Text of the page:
The town council has formally declared it a health crisis and is looking at dipping into its own pockets to find $500,000 to keep the physicians from closing up shop.

Mayor Nicholas Nissen said he’s disappointed the town may be on the hook for something that’s not a municipal responsibility.

Regulated industries speediest adopters of AI: AWS

As a wave of companies rush to embed artificial intelligence into their operations, Matt Wood has noticed the technology’s fastest adopters are businesses more typically described as slow to change.

The speedy adopters span regulated industries like health care, life sciences, financial services, insurance and manufacturing – a shock even for someone as plugged into the world of AI as Wood, Amazon Web Services’ global vice-president of AI products.

“If you’d have told me a year and a half ago that 160-year-old life insurance companies were going to be in the vanguard of artificial intelligence usage, I probably would have been a bit surprised, but that’s turning out to be the case,” Wood said, referencing Sun Life Financial Inc. in an interview, fresh off a visit to Toronto for the Collision tech conference.

B.C. chefs adapt after stone fruit wipeout

Chef Gus Stieffenhofer-Brandson says that when it comes to a fat B.C. peach, there are “endless possibilities” for a fruit that signifies summer.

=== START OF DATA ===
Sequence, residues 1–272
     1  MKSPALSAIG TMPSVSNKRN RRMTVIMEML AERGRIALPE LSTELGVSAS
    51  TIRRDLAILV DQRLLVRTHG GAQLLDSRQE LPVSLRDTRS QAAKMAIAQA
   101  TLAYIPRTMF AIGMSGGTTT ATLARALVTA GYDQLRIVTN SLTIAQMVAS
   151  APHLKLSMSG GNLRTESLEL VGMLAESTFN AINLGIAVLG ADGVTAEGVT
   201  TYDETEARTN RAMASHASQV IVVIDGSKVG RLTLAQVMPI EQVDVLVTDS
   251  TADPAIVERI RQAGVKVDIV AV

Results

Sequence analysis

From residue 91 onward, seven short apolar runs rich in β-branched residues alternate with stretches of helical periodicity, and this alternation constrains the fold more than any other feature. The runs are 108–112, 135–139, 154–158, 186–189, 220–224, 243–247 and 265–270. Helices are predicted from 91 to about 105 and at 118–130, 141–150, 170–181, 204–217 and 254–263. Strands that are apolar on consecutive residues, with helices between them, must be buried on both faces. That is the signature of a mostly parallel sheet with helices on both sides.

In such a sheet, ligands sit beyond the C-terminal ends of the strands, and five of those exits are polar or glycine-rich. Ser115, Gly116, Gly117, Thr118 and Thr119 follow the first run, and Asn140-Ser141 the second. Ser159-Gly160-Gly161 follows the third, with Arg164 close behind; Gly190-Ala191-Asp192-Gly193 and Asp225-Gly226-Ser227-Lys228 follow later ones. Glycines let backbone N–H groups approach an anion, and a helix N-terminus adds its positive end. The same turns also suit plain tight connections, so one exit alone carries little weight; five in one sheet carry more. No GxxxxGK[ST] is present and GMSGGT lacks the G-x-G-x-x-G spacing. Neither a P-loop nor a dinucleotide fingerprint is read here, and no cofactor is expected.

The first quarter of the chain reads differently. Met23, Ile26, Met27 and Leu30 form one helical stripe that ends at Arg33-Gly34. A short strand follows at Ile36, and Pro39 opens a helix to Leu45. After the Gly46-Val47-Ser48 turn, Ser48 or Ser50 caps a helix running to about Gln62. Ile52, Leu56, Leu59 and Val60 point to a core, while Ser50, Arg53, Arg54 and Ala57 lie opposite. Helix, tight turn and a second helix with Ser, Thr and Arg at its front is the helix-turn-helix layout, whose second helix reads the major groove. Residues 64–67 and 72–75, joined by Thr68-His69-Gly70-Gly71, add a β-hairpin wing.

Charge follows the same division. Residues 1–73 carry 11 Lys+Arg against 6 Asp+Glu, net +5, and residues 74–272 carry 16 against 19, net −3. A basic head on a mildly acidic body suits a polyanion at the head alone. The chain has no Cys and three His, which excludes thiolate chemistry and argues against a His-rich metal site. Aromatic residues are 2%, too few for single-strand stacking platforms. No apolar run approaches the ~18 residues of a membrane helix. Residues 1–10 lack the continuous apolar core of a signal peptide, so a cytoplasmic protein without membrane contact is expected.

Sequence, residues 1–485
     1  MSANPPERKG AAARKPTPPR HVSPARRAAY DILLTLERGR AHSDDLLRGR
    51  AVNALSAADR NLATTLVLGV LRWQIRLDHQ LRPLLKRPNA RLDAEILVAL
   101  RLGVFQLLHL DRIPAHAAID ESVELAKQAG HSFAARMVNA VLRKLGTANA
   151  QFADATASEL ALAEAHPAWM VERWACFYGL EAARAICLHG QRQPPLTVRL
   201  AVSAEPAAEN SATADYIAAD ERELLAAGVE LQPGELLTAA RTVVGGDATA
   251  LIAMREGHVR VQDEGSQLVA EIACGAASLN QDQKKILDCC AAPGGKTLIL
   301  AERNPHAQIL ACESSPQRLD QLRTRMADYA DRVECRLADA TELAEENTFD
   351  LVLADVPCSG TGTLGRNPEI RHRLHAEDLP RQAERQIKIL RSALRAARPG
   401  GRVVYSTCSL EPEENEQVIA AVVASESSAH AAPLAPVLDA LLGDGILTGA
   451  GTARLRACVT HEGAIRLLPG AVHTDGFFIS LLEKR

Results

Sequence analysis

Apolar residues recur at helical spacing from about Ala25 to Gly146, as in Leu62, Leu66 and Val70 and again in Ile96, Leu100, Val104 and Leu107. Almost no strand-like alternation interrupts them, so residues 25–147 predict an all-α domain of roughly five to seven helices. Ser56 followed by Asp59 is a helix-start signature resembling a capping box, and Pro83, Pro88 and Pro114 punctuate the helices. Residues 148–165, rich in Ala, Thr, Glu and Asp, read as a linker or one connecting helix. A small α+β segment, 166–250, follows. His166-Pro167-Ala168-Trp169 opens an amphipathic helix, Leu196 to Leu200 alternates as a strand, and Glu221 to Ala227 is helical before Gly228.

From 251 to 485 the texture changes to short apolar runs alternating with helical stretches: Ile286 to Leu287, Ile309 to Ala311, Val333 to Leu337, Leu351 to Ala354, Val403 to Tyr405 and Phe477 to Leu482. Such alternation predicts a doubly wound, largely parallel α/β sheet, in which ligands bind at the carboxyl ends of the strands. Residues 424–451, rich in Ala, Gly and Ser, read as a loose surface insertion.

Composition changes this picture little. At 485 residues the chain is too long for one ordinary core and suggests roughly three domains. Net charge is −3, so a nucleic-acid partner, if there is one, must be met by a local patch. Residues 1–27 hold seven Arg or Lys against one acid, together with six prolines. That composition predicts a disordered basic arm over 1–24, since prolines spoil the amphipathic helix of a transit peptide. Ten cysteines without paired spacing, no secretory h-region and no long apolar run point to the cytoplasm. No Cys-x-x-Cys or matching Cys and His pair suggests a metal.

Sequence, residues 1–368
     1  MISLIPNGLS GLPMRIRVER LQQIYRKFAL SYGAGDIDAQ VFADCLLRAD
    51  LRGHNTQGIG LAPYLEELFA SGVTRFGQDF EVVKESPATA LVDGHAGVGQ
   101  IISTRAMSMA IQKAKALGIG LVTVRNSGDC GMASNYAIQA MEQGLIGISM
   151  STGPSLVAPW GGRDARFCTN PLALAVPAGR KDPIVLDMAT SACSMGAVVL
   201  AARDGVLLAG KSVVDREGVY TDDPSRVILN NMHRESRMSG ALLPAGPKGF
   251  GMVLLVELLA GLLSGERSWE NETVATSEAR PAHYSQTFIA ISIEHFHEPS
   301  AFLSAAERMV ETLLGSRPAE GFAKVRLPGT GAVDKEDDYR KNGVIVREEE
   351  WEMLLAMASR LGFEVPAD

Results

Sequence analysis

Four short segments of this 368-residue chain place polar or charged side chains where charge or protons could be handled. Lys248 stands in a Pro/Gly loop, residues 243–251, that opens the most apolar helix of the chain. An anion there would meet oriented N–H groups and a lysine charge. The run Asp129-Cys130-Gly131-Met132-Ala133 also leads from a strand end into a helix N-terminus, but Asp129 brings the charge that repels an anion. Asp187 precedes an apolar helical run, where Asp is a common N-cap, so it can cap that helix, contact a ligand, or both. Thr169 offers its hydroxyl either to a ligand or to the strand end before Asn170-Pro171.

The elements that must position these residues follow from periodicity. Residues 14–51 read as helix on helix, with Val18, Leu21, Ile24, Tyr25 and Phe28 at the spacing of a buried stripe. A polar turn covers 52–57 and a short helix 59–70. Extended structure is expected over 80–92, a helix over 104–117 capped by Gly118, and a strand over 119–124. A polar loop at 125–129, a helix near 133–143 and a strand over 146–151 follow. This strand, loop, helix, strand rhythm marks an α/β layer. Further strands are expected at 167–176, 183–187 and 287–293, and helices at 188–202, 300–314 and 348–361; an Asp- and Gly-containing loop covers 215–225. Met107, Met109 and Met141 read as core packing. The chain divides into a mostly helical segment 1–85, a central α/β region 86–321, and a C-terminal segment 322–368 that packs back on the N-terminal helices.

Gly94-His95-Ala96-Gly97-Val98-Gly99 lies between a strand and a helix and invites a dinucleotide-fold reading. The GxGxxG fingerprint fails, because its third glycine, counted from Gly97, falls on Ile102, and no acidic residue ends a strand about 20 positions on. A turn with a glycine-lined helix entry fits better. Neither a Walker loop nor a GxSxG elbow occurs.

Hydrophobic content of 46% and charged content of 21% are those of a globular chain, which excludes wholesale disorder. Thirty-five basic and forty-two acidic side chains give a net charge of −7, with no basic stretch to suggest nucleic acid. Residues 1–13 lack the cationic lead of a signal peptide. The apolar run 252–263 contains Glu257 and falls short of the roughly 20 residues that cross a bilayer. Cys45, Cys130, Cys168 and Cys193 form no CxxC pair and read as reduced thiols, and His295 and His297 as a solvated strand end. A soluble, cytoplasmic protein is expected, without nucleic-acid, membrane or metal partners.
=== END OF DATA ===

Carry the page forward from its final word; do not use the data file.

Maybe a salad? “They play so nicely together with nice blackcurrant leaf oil and maybe some rose vinegar and crunchy salt and some fresh shiso (Japanese mint) and basil,” said Stieffenhofer-Brandson, who has earned a Michelin star for Published on Main in Vancouver, regularly listed among Canada’s best restaurants.

Perhaps peaches on top of crispy focaccia paired with whipped ricotta, or roast peaches with seared foie gras? And peach desserts never disappoint, said Stieffenhofer-Brandson, as he described blending plump poached peaches with almond cream and rose granita, in a “really lovely combination.”

But not this year.

Stieffenhofer-Brandson and other top chefs in B.C. who pride themselves on seasonal and local fare are working without some of their favourite summer ingredients after the province’s stone fruit harvest was almost wiped out by a January cold snap.

Former students recall science centre’s school

From DNA extraction to space shuttle simulations to a field trip to a nuclear reactor, former students of the school operated out of the Ontario Science Centre are reminiscing about their formative experiences, following word of the centre’s abrupt closure.

The science centre did not respond to questions about whether its science school would continue, but with the province searching for a temporary home that wouldn’t open until 2026 ahead of a new facility at Ontario Place set to open in 2028, the school’s future seems at best uncertain.

The school allowed up to 36 Grade 12 students at a time to spend one semester learning at the science centre, taking some of their high school science courses, such as biology and chemistry there, as well as an innovation course that saw them present projects and explain exhibits to science centre visitors.

Former students say if the school doesn’t continue, it would be a huge loss for others who may not get the same opportunities they had at the school, which opened up a world of potential.

This report by The Canadian Press was first published July 4, 2024